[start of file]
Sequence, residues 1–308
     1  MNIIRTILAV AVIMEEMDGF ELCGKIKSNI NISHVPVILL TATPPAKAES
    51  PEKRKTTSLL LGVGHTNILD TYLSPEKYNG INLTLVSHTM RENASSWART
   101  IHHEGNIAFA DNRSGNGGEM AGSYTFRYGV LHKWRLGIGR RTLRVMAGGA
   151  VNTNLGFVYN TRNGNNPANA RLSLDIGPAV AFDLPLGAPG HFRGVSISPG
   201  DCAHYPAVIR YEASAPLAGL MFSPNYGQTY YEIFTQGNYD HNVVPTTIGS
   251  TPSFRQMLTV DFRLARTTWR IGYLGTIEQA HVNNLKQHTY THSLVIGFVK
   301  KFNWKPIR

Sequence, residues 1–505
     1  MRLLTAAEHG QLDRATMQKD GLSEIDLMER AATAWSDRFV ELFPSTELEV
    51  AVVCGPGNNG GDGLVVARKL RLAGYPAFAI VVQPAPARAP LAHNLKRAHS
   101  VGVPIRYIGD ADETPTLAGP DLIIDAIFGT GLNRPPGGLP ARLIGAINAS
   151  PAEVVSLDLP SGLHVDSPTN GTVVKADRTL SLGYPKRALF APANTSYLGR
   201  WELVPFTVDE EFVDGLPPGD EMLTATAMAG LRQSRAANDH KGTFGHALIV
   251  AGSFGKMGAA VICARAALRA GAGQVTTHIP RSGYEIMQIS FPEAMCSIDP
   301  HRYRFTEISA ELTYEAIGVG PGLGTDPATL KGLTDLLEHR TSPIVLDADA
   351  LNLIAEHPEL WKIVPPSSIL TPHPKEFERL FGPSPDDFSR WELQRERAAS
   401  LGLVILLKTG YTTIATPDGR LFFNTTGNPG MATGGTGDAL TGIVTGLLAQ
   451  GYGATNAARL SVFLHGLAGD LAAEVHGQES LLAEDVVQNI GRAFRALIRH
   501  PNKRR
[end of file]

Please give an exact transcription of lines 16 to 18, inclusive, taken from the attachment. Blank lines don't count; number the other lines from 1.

   301  HRYRFTEISA ELTYEAIGVG PGLGTDPATL KGLTDLLEHR TSPIVLDADA
   351  LNLIAEHPEL WKIVPPSSIL TPHPKEFERL FGPSPDDFSR WELQRERAAS
   401  LGLVILLKTG YTTIATPDGR LFFNTTGNPG MATGGTGDAL TGIVTGLLAQ